Usually, when the SNP does something irrational, it is trying to stir up resentment against the Auld Enemy in Westminster. Its discussion of currency options during the referendum campaign, and later railing against legislation on fracking, had a similar detachment from reality. This time, though, Westminster has nothing to do with it. I can only guess that for the SNP, allowing ideology to trump reality has become a habit.
|I am mildly surprised the SNP are not trying to blame Westminster for the menace of GM crops.|
This provides a useful object lesson for the SNP's more starry-eyed followers. The Scottish independence movement likes to give the impression that, once Scotland is freed from the archaic shackles of Westminster, it will enter a glorious new era of wise and enlightened government. This is clear evidence the SNP are prepared to be just as irrational, and craven in the face of lobbying, as their counterparts in London.
I take no pleasure in observing this sad excuse for policymaking. I've made no bones about the fact that I have serious differences with the SNP, but there is much about it that is admirable.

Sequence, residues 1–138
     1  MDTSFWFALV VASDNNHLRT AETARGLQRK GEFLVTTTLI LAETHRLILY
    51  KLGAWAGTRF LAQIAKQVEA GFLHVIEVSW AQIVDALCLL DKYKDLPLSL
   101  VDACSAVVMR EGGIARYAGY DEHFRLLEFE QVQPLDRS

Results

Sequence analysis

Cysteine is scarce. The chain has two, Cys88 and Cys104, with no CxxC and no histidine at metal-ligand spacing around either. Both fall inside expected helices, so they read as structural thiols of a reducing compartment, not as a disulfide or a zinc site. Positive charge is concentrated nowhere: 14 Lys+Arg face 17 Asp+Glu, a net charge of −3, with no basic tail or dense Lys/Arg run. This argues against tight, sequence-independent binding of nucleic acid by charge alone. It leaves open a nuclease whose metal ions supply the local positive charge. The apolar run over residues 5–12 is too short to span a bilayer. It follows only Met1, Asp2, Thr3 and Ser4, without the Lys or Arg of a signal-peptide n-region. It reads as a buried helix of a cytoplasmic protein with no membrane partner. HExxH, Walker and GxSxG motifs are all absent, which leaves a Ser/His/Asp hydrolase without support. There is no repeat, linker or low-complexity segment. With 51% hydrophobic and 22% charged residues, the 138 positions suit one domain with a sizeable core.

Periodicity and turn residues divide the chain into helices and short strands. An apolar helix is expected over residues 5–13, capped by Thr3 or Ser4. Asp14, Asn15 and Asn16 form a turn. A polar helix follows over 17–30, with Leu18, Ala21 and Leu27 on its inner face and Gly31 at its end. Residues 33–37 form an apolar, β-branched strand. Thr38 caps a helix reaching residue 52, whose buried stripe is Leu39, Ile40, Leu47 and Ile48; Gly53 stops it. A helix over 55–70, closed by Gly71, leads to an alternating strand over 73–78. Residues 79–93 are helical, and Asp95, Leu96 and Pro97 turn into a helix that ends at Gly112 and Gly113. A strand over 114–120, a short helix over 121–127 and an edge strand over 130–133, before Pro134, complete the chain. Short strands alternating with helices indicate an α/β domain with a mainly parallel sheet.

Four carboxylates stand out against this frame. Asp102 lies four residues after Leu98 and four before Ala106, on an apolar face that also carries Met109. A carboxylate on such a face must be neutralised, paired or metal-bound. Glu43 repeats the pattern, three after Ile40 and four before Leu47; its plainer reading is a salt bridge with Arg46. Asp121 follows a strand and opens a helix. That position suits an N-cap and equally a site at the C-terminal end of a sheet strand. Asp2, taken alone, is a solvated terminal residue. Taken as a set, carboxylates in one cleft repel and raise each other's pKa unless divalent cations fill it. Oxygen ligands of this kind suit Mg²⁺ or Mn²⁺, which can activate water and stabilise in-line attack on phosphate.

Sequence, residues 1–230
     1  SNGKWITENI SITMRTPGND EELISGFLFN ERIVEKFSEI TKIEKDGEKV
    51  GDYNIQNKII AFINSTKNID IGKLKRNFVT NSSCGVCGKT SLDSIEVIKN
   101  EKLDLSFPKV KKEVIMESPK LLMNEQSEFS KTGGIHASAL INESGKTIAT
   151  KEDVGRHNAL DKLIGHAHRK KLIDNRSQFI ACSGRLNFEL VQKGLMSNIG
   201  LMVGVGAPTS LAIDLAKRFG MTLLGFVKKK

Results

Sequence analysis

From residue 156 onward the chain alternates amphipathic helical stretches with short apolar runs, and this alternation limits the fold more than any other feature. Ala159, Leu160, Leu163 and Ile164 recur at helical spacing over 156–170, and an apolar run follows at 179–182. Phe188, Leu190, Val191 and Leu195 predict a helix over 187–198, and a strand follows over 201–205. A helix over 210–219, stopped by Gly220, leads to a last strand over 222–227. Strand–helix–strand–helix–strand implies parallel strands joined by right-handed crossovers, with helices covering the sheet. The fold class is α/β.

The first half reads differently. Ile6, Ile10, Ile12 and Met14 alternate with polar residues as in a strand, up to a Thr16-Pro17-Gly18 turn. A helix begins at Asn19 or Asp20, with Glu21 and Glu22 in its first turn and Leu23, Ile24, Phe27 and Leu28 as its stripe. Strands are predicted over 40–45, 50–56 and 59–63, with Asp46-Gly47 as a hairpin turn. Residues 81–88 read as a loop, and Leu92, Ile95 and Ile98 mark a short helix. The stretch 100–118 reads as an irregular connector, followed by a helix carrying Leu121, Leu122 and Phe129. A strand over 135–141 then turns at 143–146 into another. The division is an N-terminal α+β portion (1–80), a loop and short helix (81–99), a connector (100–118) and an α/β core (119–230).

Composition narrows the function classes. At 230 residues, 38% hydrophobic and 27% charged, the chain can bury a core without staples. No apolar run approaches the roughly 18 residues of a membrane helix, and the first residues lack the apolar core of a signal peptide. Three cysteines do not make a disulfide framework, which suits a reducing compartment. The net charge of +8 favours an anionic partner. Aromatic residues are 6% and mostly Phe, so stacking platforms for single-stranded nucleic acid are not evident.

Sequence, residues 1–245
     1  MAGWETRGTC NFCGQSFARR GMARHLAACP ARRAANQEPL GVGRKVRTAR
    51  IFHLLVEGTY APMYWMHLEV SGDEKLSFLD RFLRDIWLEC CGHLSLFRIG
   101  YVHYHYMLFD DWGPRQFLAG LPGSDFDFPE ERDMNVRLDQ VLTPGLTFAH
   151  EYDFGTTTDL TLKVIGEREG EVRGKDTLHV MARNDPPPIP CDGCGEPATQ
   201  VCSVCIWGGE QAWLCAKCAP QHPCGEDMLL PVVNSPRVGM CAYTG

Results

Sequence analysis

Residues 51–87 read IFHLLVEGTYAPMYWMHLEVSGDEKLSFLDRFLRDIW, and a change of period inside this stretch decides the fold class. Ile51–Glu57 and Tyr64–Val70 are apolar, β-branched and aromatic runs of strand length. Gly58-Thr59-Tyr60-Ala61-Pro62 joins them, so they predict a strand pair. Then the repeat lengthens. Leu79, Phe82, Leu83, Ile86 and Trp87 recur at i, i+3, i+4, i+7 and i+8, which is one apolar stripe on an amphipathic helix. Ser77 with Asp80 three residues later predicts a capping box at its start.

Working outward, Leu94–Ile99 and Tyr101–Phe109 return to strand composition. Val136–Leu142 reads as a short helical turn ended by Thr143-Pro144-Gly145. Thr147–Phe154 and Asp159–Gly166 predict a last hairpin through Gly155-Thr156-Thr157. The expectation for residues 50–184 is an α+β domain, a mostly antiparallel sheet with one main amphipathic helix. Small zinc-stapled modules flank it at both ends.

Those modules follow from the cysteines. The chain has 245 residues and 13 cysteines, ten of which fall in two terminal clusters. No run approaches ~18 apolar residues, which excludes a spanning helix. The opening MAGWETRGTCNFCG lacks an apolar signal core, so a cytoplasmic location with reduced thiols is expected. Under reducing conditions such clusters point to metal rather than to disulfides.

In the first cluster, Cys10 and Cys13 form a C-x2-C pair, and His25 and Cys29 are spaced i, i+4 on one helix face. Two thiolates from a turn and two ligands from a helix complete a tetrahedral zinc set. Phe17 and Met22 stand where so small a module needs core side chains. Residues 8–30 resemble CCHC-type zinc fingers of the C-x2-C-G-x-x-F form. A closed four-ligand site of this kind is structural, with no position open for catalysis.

For a long time, support for the SNP has run far ahead of that for Scottish independence. It is a social democratic party with an appeal based on optimism and solidarity. It inspires belief that collective action can make life better for us all. The fact is, Nicola Sturgeon would make a more impressive leader of the Labour party than any of the candidates who are actually standing.
Like it or loathe it, the SNP matters. It is in a position of overwhelming dominance at Holyrood, and will remain so for the foreseeable future. Its policies in Scotland can provide inspiration and practical examples to progressives south of the border. It is also the third largest party at Westminster. With Labour dousing itself in petrol and looking around for a match, and the Lib Dems a pitiful remnant of their former selves, it is the only viable opposition party we've got.
So far, the SNP has proved adept at inconveniencing the Tories on things like fox hunting in England and Wales. I have much less confidence in its ability to address more substantial issues.
Update 2015-08-18: Twenty-eight research organisations, including the Royal Society of Edinburgh, the Roslin Institute, and the University of Edinburgh, have signed an open letter condemning the GM ban. (I did my BSc and PhD at Edinburgh University so I am particularly pleased they are backing the letter.)